Trio is together again

Strategic drug discovery alliance between Astex Pharmaceuticals, Cancer Research Technology and Newcastle University builds on long-term relationship

Ilene Schneider
DUBLIN, Calif.—Three entities that have worked togethersuccessfully before have signed a major five-year strategic drug discoveryalliance that will combine the strengths of a biotechnology company, anacademic institution and a commercialization source to develop approaches tochallenging targets.
 
The organizations in question are Astex PharmaceuticalsInc., a pharmaceutical company dedicated to the discovery and development ofnovel small-molecule therapeutics with a focus on oncology; Cancer ResearchTechnology Ltd. (CRT), a commercialization and development company that aims todevelop new discoveries in cancer research for the benefit of cancer patients;and Newcastle University, which focuses on research in the areas of health andaging.
 
 
The partners will discover and develop new cancer drugs incollaboration with researchers at the Cancer Research UK Drug Discovery programat the Northern Institute for Cancer Research (NICR, Newcastle University). Thealliance builds on a previous collaboration between Astex, Newcastle and CRT onFGFr, a key cancer target, which led to the development of a clinical candidatethat Janssen has taken into a Phase I clinical trial, according to Dr. NeilThompson, senior vice president of Astex, who says he has been aware of theNewcastle team for 10 years.
 
 
Talks among the participants began in October 2011, "when wesaw the potential for an alliance," explains Phil Elstob, business developmentexecutive at CRT, whose organization will manage intellectual property thatleads to commercialization and facilitate interaction among the key players.Astex will retain an option to an exclusive worldwide license to develop andcommercialize pharmaceutical products from each alliance project. CRT andNewcastle are eligible to receive development and regulatory milestone paymentson exercise of the options, and on products that Astex takes into development(and royalties on sales of products).
 
 
"We want to collectively recognize the complete developmentof biomarkers as well as therapeutics, to see how to use molecules, select thepatients, hit the targets and derive therapeutic benefit," explains Prof.Herbie Newell, co-director of the Cancer Research UK Drug Discovery program atthe NICR. "The research will bring together preclinical drug and biomarkerdiscovery approaches using molecular, genetic and clinical data to identify newtargets in cancer cells that can be treated with drugs, and ultimatelymedicines to take into clinical trials that will provide new ways to treat thedisease and increase survival."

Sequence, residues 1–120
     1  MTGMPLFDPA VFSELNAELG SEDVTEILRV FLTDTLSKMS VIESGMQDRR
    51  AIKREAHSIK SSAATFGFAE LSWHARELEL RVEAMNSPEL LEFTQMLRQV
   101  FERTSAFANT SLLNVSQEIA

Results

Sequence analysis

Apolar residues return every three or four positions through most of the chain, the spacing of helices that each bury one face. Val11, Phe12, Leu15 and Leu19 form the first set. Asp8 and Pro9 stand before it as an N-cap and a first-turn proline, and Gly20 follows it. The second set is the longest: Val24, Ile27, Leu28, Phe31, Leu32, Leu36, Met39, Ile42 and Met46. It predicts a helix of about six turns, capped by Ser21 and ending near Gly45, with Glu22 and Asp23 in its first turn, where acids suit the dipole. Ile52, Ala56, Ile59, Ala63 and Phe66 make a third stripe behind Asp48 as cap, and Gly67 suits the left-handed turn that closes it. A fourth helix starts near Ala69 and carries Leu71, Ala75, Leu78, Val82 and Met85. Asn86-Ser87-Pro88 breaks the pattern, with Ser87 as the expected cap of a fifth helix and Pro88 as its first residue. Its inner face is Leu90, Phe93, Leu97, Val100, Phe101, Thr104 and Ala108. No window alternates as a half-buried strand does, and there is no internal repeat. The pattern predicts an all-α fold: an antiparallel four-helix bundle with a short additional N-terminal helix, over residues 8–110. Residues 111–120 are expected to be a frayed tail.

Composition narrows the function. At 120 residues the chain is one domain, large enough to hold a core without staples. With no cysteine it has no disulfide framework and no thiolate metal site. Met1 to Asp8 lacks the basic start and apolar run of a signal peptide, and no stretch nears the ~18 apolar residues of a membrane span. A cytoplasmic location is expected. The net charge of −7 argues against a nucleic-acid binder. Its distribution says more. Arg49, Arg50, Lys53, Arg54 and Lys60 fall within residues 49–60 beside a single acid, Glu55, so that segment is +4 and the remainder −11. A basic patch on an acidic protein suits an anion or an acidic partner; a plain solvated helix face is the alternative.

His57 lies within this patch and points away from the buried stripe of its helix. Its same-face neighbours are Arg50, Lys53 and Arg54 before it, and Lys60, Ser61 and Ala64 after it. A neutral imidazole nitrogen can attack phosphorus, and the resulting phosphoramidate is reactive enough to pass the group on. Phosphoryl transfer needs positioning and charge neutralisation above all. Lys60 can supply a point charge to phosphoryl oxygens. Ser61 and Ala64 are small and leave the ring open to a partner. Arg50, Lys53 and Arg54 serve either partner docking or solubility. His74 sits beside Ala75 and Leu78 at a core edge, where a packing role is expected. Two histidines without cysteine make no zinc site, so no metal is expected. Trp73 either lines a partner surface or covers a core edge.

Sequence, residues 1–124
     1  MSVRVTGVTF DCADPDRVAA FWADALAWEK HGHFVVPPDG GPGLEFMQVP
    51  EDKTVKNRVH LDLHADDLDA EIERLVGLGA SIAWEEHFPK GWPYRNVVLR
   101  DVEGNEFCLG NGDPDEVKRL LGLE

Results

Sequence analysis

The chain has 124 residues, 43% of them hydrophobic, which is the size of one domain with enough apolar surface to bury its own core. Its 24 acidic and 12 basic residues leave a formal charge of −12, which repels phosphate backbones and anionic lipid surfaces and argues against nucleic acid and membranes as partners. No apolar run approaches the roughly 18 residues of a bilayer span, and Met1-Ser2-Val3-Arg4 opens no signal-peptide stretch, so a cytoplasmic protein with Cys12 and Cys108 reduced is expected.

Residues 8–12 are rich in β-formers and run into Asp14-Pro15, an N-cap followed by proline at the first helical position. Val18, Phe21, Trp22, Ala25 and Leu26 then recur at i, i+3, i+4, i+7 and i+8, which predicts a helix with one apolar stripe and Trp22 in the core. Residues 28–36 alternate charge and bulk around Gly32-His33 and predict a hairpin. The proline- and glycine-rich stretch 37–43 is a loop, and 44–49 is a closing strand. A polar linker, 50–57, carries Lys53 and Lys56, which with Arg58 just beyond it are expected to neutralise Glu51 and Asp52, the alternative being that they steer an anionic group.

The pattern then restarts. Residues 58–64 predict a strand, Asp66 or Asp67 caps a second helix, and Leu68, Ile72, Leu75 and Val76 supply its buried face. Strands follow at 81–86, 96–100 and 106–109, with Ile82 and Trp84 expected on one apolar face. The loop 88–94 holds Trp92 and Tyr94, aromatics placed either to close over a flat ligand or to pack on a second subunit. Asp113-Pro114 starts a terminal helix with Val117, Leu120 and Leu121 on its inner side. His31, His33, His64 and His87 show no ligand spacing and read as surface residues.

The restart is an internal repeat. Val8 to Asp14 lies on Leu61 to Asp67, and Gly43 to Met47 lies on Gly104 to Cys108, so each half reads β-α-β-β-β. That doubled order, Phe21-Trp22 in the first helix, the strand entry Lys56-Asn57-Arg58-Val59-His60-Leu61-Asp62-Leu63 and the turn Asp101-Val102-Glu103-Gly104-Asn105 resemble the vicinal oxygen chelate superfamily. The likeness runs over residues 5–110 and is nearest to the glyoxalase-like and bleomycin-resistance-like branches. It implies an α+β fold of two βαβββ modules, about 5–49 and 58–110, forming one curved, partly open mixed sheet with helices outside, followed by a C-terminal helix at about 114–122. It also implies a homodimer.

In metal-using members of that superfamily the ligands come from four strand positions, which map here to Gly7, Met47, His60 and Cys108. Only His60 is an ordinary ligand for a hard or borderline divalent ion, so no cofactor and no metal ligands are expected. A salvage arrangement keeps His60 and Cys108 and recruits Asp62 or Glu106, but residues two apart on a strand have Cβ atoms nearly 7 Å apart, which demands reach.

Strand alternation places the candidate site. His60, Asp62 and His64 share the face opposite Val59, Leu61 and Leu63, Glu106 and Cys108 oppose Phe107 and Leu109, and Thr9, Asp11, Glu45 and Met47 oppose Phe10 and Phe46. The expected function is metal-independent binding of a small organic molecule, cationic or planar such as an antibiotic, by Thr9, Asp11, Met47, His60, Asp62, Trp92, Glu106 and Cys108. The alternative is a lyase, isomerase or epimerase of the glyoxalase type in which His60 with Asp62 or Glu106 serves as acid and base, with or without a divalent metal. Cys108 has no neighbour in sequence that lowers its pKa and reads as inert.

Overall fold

According to Newell, "The complementary expertise andresources of NICR in cancer biology, biomarker imaging and target validationand its proven track record in drug discovery, together with Astex'sfragment-based drug discovery approach, provides an outstanding opportunity forcollaboration. The Cancer Research UK Drug Discovery Program at the NICR has aformidable track-record in anticancer drug discovery and development, makingsignificant contributions in particular to the discovery of the first-in-classand first-in-cancer patient medicine."
 
 
"Astex has identified the strategic value of establishingalliances with leading academic institutes to provide complementary academicdrug discovery expertise and capabilities to identify new drug targets incancer cells and validation—proving the effectiveness of hitting these targetswith drugs—in order to continue to support a portfolio of projects to identifynovel targeted drugs," says Thompson. "This can be achieved on atarget-by-target basis, but the potential to have a broader strategiccollaboration to review and assess multiple targets across a portfolio ofprojects and on a longer-term basis is very attractive."
 
 
Astex's fragment-based drug discovery approach has resultedin a clinical pipeline that currently includes eight drugs in development: fourproprietary products, three of which are in Phase II trials at Astex with onein preclinical development, and three further candidates being tested inclinical trials by Astex's partners. 
 
"Now we can capitalize on the effort on the Newcastle sideto find new targets on classes of proteins that are not traditionallydrugable," Thompson says. "Our fragment-based approach would extend thecapability to these challenging targets."
 
"It's a way to see oncology in a different light," Newellsummarizes. "The collaboration will focus on the underlying molecular geneticand epigenetic changes that dictate where the use of drugs is most effective.That usage will be dictated by targets and tumor types."

Ilene Schneider

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